The UK government has acknowledged that the controversial “spy clause” (Clause 122) of its Online Safety Bill may not be “technically feasible”
The Online Safety Bill aims to make websites and other internet–based services and platforms free from illegal and harmful material by requiring the platform owners to remove all prohibited content.
By failing to do so, these firms could face financial penalties of up to £18 million or 10% of annual revenue, whichever is greater.
The task of defining which content should be censored is controversial and onerous enough, but the Bill has grown even more contentious due to the so-called “spy clause”, which would force platforms to scan private and encrypted user messages for prohibited content.
The clause would also give Ofcom the power to issue messaging services with notices requiring them to develop and roll out software to carry out the scanning processes.
As it turns out, the technology needed to carry out the scanning without infringing on customers privacy, does not yet exist.
“Scanning is fundamentally incompatible with end-to-end encrypted messaging apps. Scanning bypasses the encryption in order to scan, exposing your messages to attackers,” said Matthew Hodgson, co-founder of Element, a decentralized British messaging app.
“If appropriate technology does not exist which meets these requirements, Ofcom cannot require its use,” said culture minister Stephen Parkinson in the House of Lords yesterday. “Ofcom cannot require companies to use proactive technology on private communications in order to comply.”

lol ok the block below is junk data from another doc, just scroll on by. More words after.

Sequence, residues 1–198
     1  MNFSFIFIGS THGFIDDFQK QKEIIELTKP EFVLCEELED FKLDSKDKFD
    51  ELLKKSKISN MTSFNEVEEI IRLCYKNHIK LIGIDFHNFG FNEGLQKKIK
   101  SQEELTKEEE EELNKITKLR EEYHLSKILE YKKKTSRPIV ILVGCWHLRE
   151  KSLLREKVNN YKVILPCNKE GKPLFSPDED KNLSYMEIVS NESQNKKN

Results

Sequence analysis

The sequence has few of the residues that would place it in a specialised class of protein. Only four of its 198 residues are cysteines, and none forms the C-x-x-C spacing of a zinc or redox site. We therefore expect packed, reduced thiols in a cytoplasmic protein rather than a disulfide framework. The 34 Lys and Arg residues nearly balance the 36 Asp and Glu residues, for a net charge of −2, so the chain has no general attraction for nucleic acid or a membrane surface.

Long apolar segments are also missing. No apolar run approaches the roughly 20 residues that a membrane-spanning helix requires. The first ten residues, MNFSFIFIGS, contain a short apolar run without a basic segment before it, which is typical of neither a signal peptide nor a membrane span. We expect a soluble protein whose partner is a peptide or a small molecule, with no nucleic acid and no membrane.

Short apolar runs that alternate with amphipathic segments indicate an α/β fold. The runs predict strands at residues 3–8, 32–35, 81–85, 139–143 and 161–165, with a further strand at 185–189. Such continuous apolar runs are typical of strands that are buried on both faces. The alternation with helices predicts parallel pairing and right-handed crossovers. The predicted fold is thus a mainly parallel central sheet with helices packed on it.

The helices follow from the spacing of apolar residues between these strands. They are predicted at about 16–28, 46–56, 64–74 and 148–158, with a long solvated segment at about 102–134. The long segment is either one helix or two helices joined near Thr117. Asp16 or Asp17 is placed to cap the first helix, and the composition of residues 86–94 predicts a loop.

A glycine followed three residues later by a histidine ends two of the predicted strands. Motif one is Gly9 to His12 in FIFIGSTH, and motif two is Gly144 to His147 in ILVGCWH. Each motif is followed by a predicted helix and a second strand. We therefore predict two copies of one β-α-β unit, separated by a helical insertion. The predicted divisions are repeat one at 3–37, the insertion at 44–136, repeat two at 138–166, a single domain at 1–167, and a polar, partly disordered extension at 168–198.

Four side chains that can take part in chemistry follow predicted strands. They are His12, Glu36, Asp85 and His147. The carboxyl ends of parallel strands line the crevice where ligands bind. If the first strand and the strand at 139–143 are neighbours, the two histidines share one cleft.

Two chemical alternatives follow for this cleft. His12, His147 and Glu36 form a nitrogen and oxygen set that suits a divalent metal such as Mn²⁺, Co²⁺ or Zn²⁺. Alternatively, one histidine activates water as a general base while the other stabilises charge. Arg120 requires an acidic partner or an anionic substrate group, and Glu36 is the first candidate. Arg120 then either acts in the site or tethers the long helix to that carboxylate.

Even if the technology was available, its us would still be hugely controversial. Its detractors argue that the passing of the bill would make wider surveillance of consumers inescapable.
“You make mass surveillance become almost an inevitability by putting [these tools] in their hands,” said Alan Woodward, a visiting professor in cybersecurity at the University of Surrey. “There will always be some ‘exceptional circumstances’ that [security forces] think of that warrants them searching for something else.”
Despite this apparent win for user privacy rights, the government’s position on the clause itself remains unchanged. UK government officials have said that the government could still “enable Ofcom to direct companies to either use, or make best efforts to develop or source, technology to identify and remove illegal child sexual abuse content — which we know can be developed.”
If the bill is passed, service giants such as WhatsApp have threatened to pull out of the UK altogether.
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